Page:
Monday, December 23, 2019

Using The Winter Months To Dial In Your Disc Golf Diet


By and large, when we talk about getting in shape for disc golf, we often think about ways we can exercise or things we can practice on the course. Much of the preparation that players undergo during the offseason has to do with their physical bodies in terms of how fit or flexible they might be, but not as much attention seems to be given to what we’re putting into these bodies of ours.

While there’s, of course, no specific disc golf diet, it’s common knowledge that what you put into your body has a direct result in how you feel - essentially, you truly are what you eat. Rather than thinking of the word “diet” in the sense of calorie restriction, try instead framing it in the sense of your dietary habits. Having healthy snacks while on the course is one thing, but committing to a whole new way of eating can make a noticeable difference.

“Eating Clean”

Nutritionists will tell you time and time again that counting calories isn’t always the best thing for your body, and as we are all built so differently, it’s almost impossible to base one’s diet off of these numbers alone. Instead, the concept that’s rapidly growing in popularity is “eating clean.” You may have heard of it before but have you wondered what it can do for your game?

Take a quick scroll through your Instagram feed and you’ll see many pro players talking about this type of eating as it offers them an immense amount of nutrients, helps them to stay energized, and aids in their focus on the course. Simply put, “eating clean” refers to incorporating as much whole food into your diet as you can. Meals should be made up of fruits and vegetables along with healthy proteins in their most natural state - meaning that snacking on an apple is likely better for you than processed dried apple chips.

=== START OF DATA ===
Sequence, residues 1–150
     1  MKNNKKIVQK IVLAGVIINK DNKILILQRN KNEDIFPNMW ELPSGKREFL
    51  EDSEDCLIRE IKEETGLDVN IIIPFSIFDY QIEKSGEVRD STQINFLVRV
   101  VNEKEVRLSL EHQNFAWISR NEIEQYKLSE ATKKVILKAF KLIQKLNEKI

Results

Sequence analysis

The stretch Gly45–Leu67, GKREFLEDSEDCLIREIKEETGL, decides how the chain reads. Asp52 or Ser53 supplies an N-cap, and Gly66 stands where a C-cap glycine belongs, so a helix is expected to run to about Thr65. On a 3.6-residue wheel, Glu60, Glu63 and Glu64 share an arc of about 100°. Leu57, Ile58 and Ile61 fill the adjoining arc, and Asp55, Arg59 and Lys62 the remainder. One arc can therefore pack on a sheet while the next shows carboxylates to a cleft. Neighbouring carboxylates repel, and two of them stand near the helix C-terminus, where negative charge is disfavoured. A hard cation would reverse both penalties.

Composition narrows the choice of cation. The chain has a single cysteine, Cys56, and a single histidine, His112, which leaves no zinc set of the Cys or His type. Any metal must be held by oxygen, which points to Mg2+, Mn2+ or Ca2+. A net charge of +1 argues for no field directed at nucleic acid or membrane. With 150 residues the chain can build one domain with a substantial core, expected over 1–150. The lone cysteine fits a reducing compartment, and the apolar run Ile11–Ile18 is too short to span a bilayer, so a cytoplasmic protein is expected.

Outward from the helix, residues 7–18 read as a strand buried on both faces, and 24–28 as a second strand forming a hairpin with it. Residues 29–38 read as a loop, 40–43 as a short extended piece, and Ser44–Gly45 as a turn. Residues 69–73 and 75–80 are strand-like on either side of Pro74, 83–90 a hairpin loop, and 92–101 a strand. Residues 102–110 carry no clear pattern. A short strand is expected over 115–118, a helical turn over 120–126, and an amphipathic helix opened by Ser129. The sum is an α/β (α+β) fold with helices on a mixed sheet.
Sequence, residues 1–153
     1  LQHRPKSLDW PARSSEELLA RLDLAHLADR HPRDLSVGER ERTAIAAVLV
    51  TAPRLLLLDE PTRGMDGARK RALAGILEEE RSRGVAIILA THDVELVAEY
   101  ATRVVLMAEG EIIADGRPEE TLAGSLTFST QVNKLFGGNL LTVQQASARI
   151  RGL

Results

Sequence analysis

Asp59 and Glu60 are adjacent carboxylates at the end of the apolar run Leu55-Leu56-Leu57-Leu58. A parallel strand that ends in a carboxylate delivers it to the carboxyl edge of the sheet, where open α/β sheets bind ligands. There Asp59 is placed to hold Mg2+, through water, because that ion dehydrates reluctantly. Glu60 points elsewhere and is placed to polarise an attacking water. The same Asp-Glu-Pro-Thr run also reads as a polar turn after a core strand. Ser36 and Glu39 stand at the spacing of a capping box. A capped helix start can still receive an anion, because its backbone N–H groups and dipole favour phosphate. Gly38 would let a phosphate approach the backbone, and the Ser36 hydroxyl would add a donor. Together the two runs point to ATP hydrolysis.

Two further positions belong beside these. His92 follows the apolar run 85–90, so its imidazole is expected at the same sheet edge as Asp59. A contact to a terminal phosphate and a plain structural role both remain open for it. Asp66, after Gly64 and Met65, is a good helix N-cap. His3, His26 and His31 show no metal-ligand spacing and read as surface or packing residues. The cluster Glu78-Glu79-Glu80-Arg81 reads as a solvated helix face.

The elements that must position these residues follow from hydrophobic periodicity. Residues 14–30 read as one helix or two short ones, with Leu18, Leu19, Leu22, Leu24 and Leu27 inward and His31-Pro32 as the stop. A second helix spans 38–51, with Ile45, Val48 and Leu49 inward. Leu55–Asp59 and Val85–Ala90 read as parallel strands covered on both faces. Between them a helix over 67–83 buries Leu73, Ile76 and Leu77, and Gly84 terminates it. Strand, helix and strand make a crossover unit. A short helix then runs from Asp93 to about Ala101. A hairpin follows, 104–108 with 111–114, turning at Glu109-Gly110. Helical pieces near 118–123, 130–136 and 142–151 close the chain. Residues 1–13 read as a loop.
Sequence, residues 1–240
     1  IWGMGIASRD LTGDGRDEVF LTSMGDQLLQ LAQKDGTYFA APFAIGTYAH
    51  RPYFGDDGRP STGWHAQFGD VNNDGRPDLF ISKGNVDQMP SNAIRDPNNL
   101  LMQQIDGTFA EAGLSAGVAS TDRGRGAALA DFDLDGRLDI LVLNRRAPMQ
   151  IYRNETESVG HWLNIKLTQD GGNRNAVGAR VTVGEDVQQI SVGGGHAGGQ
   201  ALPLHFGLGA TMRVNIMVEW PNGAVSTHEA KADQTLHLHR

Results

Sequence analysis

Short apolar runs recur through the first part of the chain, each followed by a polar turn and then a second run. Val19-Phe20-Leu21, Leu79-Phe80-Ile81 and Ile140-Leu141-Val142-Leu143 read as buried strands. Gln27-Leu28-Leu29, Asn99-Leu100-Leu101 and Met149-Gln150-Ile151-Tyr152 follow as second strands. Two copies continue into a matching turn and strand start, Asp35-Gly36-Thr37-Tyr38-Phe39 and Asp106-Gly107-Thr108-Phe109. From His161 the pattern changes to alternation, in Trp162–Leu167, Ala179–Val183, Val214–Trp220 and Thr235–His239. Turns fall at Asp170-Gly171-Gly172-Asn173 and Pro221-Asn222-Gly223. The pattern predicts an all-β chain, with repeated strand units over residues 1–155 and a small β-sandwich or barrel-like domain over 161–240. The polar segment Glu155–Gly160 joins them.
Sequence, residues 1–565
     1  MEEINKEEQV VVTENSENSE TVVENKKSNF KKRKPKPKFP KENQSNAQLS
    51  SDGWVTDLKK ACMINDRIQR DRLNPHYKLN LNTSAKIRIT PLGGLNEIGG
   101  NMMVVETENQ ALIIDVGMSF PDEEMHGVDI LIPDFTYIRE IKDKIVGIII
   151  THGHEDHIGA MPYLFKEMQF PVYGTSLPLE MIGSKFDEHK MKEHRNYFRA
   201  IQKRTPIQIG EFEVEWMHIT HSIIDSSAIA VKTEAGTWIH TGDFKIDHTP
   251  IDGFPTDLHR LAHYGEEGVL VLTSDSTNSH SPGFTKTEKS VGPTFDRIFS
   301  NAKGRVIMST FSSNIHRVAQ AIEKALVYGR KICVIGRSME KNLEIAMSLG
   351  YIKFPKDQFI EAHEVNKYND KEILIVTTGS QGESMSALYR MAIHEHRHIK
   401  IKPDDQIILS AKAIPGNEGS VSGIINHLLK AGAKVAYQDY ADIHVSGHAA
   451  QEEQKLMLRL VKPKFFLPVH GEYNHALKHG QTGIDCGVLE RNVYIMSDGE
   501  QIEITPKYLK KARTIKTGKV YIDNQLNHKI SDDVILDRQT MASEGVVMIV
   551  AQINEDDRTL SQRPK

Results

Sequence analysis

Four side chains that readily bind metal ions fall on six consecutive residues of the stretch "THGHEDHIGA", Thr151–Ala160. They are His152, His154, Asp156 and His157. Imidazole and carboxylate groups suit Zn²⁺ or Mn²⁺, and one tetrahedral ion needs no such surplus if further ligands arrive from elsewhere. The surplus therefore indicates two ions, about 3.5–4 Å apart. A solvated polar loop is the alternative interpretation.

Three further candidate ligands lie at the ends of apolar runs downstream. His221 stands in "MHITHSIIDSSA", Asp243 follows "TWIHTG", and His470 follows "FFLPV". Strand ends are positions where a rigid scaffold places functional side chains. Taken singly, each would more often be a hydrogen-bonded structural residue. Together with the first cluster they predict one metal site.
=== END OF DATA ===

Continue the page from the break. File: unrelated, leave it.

Some call “eating clean” a fad as it can sometimes incorporate the elimination of some foods like grain or dairy, although each person should make their own choices regarding what foods they want to stay away from. The ultimate goal is to consume as few packaged and processed foods as you can.

A Clear Difference

If you’re already a healthy eater, making the jump to a clean diet might not be so difficult, but for others, it’s a radically new way to think about food. A multitude of studies show that clean eating can reduce brain fog (allowing you to stay focused on your shots), increase energy levels (keeping you motivated through all 18 holes), and may even help you to lose a few pounds if you so desire (imagine your stamina on the course if you felt more fit!).

Rather than trying to make this dietary change while in the middle of the disc golf season, consider taking these dark and cold winter months to ease your way into a healthier diet. We’d be shocked if you didn’t see a benefit both on and off the course. Let us know in the comments below - what kind of diet works best for you and your disc golf game?
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